Monday, April 27, 2009

Monday Musings on Sports - NFL Draft and Timing

As regular readers of this blog are aware, the Monday post was usually devoted to sports with highlights and analysis of the Max Kellerman show which formerly aired on 1050 ESPN Radio. As Max has resigned from 1050 and has not yet resurfaced on the NY area airwaves (although, I see that Robin Lundberg has rejoined 1050 as the host of the "Around the Herd" segment) I have decided to continue the tradition of linking sports to Torah which I believe was an undercurrent of the Max Kellerman show.

Yesterday afternoon, the NFL finished its annual dog and pony show known as the NFL draft. For months leading up to the draft, players are poked and prodded, their histories analyzed and anyone from their parents to their eighth grade phys ed teachers are quizzed about the players propensities. When the analysis is complete the teams then begin a massive misinformation campaign where they leak information to the media about players who they might or might not be interested in. This is done to throw off other teams and prevent lower drafting teams from trading up and grabbing the player the team covets.

I always find the draft circus to be a humorous event. Invariably, certain prognosticators will predict that xyz player was a "reach", meaning that he was not worth being selected at (for example) #18 of the first round because the commentator believes that the player was really the twenty-fifth best player in the draft. The problem with this logic is twofold: (1) the commentator has no clue how the player will perform relative to the other two hundred and fifty four players in the draft and (2) the value the team places on a player is also in relation to that team's needs at the time. To illustrate the second point - if a team has two solid quarterbacks, but the player touted as being the best remaining player on the board is a quarterback - does that mean that the team has made a mistake by not drafting him? On the other hand, if that same team desperately needs a pass rusher, but the highest rated DE/OLB is rated four slots lower, should the team pass on their need?

In the end, the only way to truly evaluate a team's performance at the draft is to look back five years later and see how many of its picks are still with the team or are even still playing professional football. Only with the benefit of hindsight can one truly understand whether the decision made on draft day was correct.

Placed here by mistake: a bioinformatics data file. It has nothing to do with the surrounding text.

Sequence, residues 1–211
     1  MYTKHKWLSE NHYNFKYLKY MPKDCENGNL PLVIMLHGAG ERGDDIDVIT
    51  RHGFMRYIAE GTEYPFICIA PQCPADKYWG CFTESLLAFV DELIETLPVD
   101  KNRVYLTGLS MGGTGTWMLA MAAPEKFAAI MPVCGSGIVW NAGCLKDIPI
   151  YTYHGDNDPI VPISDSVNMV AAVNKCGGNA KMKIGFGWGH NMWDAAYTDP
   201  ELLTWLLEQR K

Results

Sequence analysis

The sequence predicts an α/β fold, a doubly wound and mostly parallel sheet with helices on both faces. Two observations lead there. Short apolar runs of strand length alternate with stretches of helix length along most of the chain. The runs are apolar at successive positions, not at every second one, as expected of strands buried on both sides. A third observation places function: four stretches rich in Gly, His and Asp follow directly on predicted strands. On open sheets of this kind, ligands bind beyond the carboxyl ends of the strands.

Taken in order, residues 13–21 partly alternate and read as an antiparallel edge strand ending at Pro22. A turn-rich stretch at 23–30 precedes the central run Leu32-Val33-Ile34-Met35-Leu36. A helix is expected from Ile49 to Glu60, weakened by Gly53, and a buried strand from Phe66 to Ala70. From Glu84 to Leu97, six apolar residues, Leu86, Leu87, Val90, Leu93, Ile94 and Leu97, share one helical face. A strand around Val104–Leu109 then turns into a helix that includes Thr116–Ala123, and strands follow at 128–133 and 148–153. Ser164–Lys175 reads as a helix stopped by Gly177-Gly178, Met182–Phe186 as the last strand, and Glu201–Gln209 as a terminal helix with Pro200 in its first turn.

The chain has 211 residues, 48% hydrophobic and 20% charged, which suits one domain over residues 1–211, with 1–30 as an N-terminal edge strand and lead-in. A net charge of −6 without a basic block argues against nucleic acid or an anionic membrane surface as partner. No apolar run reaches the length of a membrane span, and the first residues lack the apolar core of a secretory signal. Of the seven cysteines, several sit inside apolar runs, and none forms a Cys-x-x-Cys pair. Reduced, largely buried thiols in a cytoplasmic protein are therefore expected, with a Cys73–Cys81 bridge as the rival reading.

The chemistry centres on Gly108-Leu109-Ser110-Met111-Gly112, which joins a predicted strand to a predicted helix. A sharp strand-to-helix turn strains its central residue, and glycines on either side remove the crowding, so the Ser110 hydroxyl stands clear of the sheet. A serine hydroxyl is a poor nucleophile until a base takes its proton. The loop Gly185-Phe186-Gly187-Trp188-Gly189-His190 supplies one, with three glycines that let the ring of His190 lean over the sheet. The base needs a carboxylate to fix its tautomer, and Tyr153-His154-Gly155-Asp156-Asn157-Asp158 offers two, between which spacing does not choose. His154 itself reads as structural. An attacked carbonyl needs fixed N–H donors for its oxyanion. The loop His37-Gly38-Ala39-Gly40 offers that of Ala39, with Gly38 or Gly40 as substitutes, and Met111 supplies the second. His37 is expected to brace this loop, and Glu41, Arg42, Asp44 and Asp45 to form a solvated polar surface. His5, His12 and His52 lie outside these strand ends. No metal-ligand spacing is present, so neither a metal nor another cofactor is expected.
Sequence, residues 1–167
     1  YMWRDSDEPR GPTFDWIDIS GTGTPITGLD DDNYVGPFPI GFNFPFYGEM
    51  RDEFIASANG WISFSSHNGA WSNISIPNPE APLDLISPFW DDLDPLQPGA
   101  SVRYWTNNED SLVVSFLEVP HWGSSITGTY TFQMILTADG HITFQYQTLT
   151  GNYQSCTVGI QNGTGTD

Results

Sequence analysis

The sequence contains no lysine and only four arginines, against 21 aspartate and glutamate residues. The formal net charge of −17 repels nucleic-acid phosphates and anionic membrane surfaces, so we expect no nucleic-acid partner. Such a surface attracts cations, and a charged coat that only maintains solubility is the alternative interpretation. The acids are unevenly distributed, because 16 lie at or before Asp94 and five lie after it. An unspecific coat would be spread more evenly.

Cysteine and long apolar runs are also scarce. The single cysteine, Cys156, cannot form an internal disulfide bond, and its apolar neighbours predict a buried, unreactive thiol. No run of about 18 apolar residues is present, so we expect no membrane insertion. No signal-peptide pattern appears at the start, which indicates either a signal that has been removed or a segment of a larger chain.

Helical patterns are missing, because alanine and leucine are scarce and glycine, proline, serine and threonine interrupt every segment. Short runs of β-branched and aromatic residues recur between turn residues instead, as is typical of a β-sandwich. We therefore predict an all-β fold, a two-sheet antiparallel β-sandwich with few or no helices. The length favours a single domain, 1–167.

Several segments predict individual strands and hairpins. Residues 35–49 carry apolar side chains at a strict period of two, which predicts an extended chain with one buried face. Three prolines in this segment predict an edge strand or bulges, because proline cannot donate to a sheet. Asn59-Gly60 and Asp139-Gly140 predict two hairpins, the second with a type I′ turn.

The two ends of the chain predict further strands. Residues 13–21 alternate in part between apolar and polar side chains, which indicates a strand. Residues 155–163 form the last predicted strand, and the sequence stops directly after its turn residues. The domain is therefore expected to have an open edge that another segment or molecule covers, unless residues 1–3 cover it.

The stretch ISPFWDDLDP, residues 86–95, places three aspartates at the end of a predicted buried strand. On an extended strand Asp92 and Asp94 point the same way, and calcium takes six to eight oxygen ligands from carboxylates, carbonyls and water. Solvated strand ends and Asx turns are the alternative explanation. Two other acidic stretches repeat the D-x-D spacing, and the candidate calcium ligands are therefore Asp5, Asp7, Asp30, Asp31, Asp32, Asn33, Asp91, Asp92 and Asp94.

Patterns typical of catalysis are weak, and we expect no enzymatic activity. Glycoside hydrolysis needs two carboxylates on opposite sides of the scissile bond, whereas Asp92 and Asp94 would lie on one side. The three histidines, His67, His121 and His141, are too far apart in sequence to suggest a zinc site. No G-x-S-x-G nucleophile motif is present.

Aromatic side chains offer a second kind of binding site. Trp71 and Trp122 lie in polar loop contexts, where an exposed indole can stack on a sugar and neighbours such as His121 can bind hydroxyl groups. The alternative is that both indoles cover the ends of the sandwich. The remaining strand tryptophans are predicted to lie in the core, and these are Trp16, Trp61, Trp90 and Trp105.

The controversy over whether a player has been picked in his proper slot - whether the team reached for him or whether the player "fell" and the team which eventually drafted him got "good value" for the pick, reminds me of a story I heard Rabbi Zev Cohen tell in Chicago over Pesach.

Rabbi Cohen told a story (which Rabbi Cohen was able to confirm through conversations with the author) about a man who was diagnosed with a brain tumor. The best doctors in his country told him that there was nothing which could be done for him. The man and his wife then travelled to America to meet a Dr M who was the only doctor who could perform the surgery. When they got to the Dr's office, his receptionist told them that the man must wait his turn in line for surgery as the Dr had many other patients who needed surgery and each patient was required to wait for his turn, regardless of condition.

The man's wife was unsatisfied with this result so she followed the doctor to learn his routine. She then showed up with her husband at the Dr's parking garage and blocked his car when he tried to get out. The Dr exited his car and asked - who are you and why are you doing this? The woman told the Dr her name and he recalled that an appointment had been made. He told the woman that she and her husband should go back to their country as there were many fine doctors there. The Dr then looked at her husband and said - come in on Tuesday and I will do the surgery.

The Dr asked the man - do you recognize me? The man answered in the negative. The Dr told the man about how years earlier the man was praying on a bus with his tefillin while the Dr (then a medical student) was seated next to him. They began to talk and the Dr gave him his tefillin which the medical student wore and began to use in prayer while the man dozed off. When the bus reached its destination, the man awoke and was startled as he could not find his tefillin. He spent a week trying to track down the medical student but was unsuccessful.

Years later, the Doctor now saw the man who he had taken the tefillin from in Israel so many years before. Aware of his debt to the man, the doctor agreed to take the man for surgery immediately rather than make him wait his turn on the list.

If one were to have asked the man twenty years prior - were you in the right place at the right time when your tefillin was stolen, how would the man have reacted? However, knowing now that the Doctor who stole his tefillin would be saving his life, would the man have answered the question the same way?

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